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UX design, citizen-engaged design work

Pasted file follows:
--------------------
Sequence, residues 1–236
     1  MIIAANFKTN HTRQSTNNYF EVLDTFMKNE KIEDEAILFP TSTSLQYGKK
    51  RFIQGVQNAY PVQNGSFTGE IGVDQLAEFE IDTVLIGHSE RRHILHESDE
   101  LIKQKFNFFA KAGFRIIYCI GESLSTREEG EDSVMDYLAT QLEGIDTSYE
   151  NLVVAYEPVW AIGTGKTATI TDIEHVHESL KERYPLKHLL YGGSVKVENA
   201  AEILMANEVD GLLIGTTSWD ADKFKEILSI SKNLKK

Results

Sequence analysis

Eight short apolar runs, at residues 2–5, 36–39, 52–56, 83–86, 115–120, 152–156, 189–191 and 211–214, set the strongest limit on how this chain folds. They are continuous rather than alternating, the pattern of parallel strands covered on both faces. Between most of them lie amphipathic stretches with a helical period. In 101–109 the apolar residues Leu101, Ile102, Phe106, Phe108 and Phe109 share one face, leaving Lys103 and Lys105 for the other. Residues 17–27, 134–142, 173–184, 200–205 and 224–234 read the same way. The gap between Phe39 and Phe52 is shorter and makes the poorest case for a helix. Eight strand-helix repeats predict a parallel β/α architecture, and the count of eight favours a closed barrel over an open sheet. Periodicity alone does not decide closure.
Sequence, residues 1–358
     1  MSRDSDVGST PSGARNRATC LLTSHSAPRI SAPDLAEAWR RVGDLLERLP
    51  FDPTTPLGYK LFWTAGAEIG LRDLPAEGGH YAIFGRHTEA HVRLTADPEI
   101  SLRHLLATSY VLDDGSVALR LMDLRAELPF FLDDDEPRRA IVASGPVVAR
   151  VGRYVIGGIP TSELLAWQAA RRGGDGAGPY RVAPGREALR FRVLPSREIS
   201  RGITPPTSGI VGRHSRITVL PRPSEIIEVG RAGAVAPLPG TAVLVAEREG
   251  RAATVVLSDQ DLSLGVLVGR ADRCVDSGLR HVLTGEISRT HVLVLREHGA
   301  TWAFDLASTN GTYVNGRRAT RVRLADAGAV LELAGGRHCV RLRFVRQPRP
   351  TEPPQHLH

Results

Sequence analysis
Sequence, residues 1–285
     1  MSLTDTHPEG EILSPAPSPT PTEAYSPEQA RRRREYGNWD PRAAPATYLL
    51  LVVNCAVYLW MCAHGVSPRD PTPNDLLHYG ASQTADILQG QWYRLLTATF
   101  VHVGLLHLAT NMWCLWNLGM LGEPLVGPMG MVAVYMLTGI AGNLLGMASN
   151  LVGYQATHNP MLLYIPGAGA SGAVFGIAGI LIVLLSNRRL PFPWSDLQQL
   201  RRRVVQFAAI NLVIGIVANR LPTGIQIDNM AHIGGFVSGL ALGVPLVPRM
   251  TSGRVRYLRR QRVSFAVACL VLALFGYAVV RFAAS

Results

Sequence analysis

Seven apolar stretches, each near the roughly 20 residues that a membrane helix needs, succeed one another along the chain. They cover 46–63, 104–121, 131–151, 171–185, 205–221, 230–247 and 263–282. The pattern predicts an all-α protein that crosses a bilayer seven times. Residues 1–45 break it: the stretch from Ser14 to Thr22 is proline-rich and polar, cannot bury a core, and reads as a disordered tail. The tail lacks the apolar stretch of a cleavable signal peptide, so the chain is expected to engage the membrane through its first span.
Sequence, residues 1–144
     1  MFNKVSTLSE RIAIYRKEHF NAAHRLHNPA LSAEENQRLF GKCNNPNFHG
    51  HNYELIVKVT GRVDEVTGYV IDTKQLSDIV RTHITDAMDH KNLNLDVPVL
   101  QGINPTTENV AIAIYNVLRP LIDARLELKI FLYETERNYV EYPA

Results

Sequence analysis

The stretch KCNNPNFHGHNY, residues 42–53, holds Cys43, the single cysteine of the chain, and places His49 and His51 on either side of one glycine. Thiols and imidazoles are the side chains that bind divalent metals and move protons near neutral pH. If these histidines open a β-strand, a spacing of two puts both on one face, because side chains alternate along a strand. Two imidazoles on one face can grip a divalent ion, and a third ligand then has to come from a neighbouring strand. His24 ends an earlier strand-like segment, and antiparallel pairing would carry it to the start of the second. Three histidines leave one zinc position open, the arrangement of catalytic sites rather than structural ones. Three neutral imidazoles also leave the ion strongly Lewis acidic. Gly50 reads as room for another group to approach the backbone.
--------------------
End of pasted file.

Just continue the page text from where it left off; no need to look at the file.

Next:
We describe how UX design students become aware of citizen-engaged design work, and indicate the extent to which a progression toward social justice-focused design work might be possible in a single project cycle. Our study site is a sophomore-level UX design studio at a large Midwestern US university—part of a five-semester sequence in which students engage in a range of projects that address competence in user research, prototyping, and evaluation. The project cycle we focus on directly challenges the apolitical framing in most foundational UX methods literature, explicitly asking students to engage with issues of power disparities. We analyzed three years of digital civics-focused project work (2018 n=6 groups; 2019 n=7; 2020 n=8) undertaken by students in groups of five over a seven-week period, representing the work of 100 students over three years of this course offering. We analyzed the resulting data that supported the development of the "Frames for Justice Consciousness" model, mapping a range of trajectories of student engagement with social justice-focused design philosophies, highlighting cases where students were able to successfully “pivot” or re-frame the design situation in ways that were consistent with the digital civics philosophy of engagement, addressing goals of participation and advocacy, as well as cases where students tended to repeat common solutionist framings of work within an “apolitical” or product-focused human-centered philosophy. The model facilitates instructor reflection on differing student trajectories that may inform changes to the types of critique given or instructional scaffolds provided in social justice-informed design work.